If your church and its functions were suddenly gone, how missed would you be?
I think this is a great diagnostic question for every pastor because any one of us can fall into the routine of doing church, and while church functions are valuable, what’s going to define our lives and ultimately the success that Jesus wants His body to have is really our fulfillment of the Great Commission. How good are we at that part – of not only gathering crowds but preaching a gospel that alters lives?
A good friend of mine, Gerald Brooks, said, “Don’t preach for more information; preach for conviction.” Moving people beyond their present circumstance requires more than just attending church; it requires a system that helps them to actually be the church, and outreach is a huge component of that. We are to go into all the world and preach the gospel to every creature. Well, if the targets for us are “all and every,” then our strategy needs to match the mandate that is going to one day judge us.
I think every believer wants to affect change in the world around them. They know people have needs. They’re just not sure how to approach them. Sometimes care and love translate so much better than theological talking points when we’re sharing the gospel.
The Lord told me on the way back from the gym one day, “95% of the people you’ll pass on the way to the office have no idea what you consider to be normal,” that is, a victorious life full of joy, full of Jesus and freedom and the fullness of the Holy Spirit. “If they knew what you had, it would changed their lives.” We have to be salt and light. We have to actually get out there and care for folks.
With that in mind, I began to develop a church-wide strategy. My goal was to help our people better engage those they meet through the process of caring, passing out food and participating in prayer evangelism on the streets. These kinds of things are significant to the people that sit in our church services weekly.
It may be hard for your church members to step outside the walls and feel comfortable talking about the gospel. Remind them that the message of Jesus was the Kingdom of God, and Jesus is not just the Lord of the church: He’s the Lord of everything! Jesus is comfortable in whatever room He walks into, and we as believers can be too. I think it’s important for all of us to understand that the Kingdom is not represented in just a church service. We are the Kingdom, and where we go, we bring the government of God with us.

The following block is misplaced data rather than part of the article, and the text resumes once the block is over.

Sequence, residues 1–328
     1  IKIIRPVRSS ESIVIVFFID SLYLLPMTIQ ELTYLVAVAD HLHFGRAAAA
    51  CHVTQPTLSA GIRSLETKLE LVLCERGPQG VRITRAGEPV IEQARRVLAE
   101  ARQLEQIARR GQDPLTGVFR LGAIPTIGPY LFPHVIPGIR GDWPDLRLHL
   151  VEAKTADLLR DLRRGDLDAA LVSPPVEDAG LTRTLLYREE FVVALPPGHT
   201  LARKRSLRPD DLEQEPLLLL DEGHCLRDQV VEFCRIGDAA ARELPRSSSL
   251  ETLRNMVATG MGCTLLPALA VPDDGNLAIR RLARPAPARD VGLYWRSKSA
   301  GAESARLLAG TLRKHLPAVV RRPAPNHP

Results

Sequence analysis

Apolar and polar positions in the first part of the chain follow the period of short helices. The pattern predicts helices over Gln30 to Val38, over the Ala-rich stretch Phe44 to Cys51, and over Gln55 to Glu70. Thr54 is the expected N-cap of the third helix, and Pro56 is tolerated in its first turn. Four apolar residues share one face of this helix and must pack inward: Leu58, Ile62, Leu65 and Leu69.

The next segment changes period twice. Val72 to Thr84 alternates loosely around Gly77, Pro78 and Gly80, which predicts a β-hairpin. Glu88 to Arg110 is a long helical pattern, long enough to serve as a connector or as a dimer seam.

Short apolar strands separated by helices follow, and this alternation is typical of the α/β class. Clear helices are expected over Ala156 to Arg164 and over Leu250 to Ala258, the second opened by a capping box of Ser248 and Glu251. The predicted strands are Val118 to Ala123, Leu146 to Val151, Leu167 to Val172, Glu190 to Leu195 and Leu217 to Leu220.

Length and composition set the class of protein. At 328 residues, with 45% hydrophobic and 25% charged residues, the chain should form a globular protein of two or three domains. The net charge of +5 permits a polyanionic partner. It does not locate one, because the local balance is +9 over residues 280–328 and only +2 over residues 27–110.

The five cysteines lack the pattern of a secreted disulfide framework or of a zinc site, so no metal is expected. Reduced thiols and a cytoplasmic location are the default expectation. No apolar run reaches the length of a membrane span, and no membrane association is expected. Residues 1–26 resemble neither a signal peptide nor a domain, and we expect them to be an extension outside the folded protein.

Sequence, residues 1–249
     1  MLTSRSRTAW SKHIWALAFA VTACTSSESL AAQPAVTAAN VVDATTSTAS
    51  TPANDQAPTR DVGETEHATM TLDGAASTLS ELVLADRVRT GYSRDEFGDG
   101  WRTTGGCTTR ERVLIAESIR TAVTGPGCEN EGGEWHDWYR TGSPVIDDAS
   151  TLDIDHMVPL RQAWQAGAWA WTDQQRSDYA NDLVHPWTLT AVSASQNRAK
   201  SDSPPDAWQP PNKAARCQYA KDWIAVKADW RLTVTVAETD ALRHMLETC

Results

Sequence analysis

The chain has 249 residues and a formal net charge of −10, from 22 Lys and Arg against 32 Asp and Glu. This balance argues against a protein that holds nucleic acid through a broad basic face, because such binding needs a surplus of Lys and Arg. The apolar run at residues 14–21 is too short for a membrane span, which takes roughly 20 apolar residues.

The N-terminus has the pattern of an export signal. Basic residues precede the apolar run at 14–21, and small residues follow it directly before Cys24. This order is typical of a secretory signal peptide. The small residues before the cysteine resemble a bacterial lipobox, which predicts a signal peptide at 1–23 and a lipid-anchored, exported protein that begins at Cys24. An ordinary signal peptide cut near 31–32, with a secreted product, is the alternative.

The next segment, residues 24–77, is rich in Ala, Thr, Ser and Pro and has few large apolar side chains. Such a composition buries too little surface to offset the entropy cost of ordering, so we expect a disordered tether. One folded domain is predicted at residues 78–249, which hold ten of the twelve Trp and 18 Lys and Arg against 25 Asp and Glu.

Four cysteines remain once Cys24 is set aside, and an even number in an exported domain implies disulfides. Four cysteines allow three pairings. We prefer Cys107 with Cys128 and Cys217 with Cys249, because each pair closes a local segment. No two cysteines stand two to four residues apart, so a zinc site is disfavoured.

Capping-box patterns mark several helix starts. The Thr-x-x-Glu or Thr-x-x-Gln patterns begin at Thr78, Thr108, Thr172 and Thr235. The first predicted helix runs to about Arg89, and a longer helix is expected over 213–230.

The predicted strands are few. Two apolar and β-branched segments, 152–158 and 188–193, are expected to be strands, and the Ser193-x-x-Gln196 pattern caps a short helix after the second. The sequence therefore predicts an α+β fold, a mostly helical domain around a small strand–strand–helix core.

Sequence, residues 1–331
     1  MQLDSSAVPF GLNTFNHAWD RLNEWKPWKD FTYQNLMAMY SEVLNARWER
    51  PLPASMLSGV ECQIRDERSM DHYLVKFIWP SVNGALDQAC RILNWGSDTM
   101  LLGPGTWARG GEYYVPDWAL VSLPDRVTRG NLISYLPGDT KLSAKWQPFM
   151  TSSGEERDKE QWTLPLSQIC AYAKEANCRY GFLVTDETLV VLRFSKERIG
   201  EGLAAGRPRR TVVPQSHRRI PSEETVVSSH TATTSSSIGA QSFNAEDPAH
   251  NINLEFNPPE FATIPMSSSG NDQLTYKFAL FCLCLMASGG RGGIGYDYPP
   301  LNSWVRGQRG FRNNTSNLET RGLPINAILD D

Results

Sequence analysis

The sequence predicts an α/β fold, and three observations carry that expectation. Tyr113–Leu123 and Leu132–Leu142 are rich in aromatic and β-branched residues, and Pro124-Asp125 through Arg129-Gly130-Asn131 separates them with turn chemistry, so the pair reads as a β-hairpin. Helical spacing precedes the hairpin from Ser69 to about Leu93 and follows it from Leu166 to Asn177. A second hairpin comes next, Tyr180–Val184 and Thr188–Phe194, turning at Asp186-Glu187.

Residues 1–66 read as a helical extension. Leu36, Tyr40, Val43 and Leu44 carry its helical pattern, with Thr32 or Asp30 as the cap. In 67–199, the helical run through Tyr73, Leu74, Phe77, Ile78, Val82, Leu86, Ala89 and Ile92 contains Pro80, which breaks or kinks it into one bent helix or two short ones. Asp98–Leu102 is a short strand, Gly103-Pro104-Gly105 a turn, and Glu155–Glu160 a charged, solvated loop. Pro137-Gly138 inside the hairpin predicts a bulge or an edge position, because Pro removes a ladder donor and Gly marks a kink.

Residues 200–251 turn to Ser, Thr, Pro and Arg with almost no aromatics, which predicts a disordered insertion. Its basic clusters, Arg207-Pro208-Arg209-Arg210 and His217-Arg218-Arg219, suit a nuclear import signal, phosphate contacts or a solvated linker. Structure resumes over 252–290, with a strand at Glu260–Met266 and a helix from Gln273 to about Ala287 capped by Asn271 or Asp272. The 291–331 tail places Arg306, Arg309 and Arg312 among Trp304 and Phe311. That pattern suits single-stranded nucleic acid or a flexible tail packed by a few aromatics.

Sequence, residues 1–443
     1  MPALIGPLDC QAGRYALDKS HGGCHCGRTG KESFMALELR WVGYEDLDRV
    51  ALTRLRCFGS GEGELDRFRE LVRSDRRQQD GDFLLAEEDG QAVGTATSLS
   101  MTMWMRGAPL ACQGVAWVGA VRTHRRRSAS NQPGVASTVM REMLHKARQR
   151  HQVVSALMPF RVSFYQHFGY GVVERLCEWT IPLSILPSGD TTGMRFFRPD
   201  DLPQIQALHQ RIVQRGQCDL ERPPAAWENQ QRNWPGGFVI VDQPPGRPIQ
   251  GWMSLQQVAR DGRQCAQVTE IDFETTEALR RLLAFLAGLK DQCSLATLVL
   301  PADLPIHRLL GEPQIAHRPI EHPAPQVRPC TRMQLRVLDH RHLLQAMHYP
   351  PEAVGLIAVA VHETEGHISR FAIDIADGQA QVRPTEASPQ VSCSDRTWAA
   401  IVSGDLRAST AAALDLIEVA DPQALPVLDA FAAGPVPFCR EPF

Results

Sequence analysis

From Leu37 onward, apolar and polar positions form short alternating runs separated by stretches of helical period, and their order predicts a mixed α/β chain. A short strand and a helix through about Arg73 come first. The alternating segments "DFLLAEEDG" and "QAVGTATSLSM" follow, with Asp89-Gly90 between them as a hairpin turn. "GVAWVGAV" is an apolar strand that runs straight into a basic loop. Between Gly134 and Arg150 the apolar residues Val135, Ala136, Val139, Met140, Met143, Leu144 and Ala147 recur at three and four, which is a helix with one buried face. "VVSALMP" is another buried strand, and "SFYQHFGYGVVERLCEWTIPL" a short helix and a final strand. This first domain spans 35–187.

I’ve always tried to hold services that don’t shoot me in the foot and come across as weird. God called us to be spirit-filled not spirit-weird. It’s important for us to be able to communicate in a way that actually connects with people, that makes them want to bring their friends and loved ones into service, knowing they’re not going to be embarrassed afterward. I think that’s extremely important. Once they’re in the room, we as pastors must do the best we can to create the kind of dialogue that makes sense to both the churched and the unchurched. That’s quite a challenge! And that’s why our mission has to be extremely clear.
If 2020 taught us anything, it taught us that people don’t care what you know unless they are convinced that you legitimately and authentically care about them. I’ve always had an evangelistic edge to my ministry because I lived a great portion of my young life without anyone ever sharing the gospel with me. I didn’t get church and I didn’t get religion. But when a hippie named Mike Warnke led me to Jesus in a very unorthodox way, it was life-changing for me!
Our church started doing evangelistic outreaches in Dayton, Ohio, and we saw the lost begin to open up and come to Jesus. But we quickly became discontent. We didn’t like the fact that we would lead so many people to Jesus, but we would never see them in church. It was a 13-mile trip and many people didn’t have access to transportation. We had to ask, “What is the sustainable answer to this?” Winning souls but not discipling them wasn’t a viable method of outreach to us.
Years ago the Lord placed a dream center idea on my heart. I didn’t call it “dream center” back in 1991, but I heard the name from Pastor Tommy Barnett and asked him if we could use it. He said yes, and we began to pursue the dream of reaching into places in our community where the people were scattered like sheep having no shepherd. The Dream Center was born, and we have been able to not only win souls but disciple many lives on an ongoing basis as a result!
I believe we should all have a mindset that says, “By the time I’m done with this event, I’m going to invite people to join the family,” not just inviting them to Jesus but inviting them into relationship with the body of Christ, with us personally. That’s a paradigm shift for many ministers!
Let’s choose to live as salt and light to the world. Let’s commit ourselves to fulfilling the Great Commission – not just inviting people to Jesus, but inviting them to become part of us. That’s what we need to advance the Kingdom and build the body of Christ.